Jun 9, 2016 | By Tess

Once in awhile, we will come across a 3D printed design that, while admittedly not having any immediate function, is just too cool not to write about. This is the case with maker Kurt Plagge, who has designed a series of seriously stunning and modular 3D printed cubes. These are not just any cubes, however, as each piece he 3D prints is a fully articulated object, with parts that expand, move, and change the cube’s surface in a truly amazing way. And, whether you believe it or not, each cube was printed as is, with no post-assembly, and no glue or screws.

Iowa native Kurt Plagge, who has a varied background in studying architecture, graphic design, computer graphics, and 3D modeling, currently works in IT project management and security. While his day job does not deal explicitly with 3D design and printing, Plagge has continued to pursue additive manufacturing on his spare time, a hobby which he has turned out to be quite successful at. As the hobbyist maker explains, many of his past experiences, working as a draftsman, and making complex articulated parts from traditional architectural materials such as tiles, stones, and even cardboard prepared him for the world of 3D printing.

The maker, who now uses advanced 3D printing technologies like laser sintering and materials like Polyamide to create his intricate cubes, began his foray into the growing technology through 3D modeling software SketchUp. As he explains in an interview, “It astounds me that I can use a program downloaded for free from the internet, create something purely out of my imagination, send it off to a 3D printer, hold it in my hands, and it’s exactly what I imagined and worked on so long on, down to every last detail.” It is this aspect of the technology, he explains, that encourages him to design and create more complex objects, like the ones we see here.

The Articulated Cube 5, Kurt’s newest creation

Laser sintering 3D printing process

Plagge has certainly capitalized on laser sintering technology, which through its detailed precision, has allowed him to create his amazing fully 3D printed articulated cubes. That is, by having a laser sinter minuscule granules of Polyamide together to create the 3D model, exact spaces and precise gaps can be left which allow the cube to have moving and adjustable parts.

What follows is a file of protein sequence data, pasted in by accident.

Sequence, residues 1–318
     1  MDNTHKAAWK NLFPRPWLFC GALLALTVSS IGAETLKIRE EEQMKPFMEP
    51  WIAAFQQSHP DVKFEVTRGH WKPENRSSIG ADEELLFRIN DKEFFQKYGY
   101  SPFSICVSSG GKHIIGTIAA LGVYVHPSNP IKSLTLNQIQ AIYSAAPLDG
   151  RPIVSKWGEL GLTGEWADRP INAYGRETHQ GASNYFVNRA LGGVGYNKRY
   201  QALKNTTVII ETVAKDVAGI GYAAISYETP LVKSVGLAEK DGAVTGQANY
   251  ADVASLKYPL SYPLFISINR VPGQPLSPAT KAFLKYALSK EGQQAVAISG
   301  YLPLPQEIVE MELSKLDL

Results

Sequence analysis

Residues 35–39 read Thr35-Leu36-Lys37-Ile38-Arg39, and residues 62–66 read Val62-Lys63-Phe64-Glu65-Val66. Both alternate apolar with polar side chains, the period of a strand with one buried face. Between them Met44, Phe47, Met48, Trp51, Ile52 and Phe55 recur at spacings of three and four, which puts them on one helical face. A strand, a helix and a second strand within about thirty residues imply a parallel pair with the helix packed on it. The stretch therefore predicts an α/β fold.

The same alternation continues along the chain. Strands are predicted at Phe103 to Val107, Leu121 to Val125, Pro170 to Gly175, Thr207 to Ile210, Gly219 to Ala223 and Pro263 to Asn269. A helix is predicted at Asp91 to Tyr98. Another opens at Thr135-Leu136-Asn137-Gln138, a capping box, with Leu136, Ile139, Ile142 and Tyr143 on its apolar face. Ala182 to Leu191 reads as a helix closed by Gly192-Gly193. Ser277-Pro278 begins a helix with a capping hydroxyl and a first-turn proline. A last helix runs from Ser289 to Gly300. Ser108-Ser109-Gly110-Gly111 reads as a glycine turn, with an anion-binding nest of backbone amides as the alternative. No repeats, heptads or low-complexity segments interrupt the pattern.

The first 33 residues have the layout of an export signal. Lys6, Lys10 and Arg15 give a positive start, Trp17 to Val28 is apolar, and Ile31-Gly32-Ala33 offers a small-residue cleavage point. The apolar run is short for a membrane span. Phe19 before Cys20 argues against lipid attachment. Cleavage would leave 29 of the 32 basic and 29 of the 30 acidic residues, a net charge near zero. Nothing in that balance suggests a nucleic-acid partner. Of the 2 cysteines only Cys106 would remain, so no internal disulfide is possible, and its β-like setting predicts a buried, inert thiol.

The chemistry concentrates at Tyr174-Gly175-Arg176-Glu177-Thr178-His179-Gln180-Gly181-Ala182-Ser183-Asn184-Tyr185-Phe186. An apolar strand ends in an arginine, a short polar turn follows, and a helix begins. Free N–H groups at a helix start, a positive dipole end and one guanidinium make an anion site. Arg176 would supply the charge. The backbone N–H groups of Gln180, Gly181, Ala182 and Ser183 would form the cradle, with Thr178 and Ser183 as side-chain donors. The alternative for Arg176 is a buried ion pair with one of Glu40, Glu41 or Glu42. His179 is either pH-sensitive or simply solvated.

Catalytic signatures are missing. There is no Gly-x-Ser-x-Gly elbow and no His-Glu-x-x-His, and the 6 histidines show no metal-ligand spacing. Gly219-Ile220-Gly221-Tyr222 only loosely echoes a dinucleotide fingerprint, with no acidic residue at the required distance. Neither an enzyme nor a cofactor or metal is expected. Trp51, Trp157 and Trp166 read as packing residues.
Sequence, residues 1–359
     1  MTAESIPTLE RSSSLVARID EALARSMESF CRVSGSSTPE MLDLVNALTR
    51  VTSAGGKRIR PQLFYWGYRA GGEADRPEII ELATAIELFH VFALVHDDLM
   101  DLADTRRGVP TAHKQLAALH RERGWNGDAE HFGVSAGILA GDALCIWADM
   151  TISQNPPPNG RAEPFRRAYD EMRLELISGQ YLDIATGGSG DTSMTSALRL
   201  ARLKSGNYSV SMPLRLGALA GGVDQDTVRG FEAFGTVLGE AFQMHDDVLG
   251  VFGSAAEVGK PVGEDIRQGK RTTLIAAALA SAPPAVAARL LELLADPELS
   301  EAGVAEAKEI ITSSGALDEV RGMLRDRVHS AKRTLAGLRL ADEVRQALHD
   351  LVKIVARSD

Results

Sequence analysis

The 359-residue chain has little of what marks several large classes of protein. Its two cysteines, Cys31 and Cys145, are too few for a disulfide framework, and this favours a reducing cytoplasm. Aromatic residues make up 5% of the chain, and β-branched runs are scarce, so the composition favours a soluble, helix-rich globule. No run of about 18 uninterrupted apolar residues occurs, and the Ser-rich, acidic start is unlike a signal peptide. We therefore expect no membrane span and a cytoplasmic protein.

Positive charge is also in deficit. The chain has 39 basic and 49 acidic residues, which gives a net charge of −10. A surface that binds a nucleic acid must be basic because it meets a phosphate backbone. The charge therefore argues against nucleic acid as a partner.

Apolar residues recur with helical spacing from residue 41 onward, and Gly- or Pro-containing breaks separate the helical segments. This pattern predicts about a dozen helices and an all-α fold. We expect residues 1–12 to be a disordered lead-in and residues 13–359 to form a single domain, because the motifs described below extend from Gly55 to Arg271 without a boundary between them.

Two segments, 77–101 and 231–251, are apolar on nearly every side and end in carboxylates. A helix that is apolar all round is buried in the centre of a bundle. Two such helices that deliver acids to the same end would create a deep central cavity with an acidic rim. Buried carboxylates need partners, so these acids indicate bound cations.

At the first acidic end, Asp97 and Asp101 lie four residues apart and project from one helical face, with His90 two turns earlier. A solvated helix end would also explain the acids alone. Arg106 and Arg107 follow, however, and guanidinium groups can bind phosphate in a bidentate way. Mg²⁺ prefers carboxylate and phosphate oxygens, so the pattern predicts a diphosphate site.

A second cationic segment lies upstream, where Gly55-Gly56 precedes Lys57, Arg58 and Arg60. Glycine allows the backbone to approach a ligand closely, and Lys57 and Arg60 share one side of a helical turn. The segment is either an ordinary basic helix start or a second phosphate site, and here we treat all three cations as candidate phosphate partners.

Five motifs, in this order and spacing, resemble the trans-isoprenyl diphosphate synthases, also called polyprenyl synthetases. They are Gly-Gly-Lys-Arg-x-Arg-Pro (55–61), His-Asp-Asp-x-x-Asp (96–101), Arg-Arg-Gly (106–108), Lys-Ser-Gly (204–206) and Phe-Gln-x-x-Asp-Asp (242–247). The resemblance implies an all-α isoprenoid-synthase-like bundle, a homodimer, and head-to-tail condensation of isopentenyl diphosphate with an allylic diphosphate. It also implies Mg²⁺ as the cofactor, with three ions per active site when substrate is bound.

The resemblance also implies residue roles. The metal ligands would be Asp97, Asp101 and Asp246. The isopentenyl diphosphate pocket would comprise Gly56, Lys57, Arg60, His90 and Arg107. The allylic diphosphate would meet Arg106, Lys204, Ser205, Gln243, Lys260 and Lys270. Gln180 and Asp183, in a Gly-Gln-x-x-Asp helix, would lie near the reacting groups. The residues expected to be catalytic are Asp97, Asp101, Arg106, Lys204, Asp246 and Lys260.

Of course, the process is not quite as easy as just removing the part from the 3D printer and having it articulate right away. As Plagge explains, the cubes are printed in their closed position, and after the print is complete it will usually take him several hours to remove the powder that is trapped inside the cube, and only after that removal will the parts be able to move. The design process itself, he says, can take him anywhere between 40 and 120 hours.

The Articulated Cube 4

The Articulated Cube 2 was 3D printed in Alumide

The amount of time, however, does not seem so surprising when you consider the amount of detail that goes into each cube. Not only built to be articulated and expanded, each piece of his 3D printed puzzle has a distinctive design, featuring small tongue in cheek details such as peace signs, or alien shapes, not to mention numerous architectural elements. Plagge explains that constraining himself to the cube format  and staying within certain bounds allows for these small intricacies to be realized. He says, “once I decide on a size, they provide a constraint so I can focus on the details and not concern myself with the infinite other shape options.”

Plagge has created a number of the 3D printed articulated cubes, each of which was additively manufactured in collaboration with 3D printing service i.materialise. Check each one out here.



Posted in 3D Printing Application



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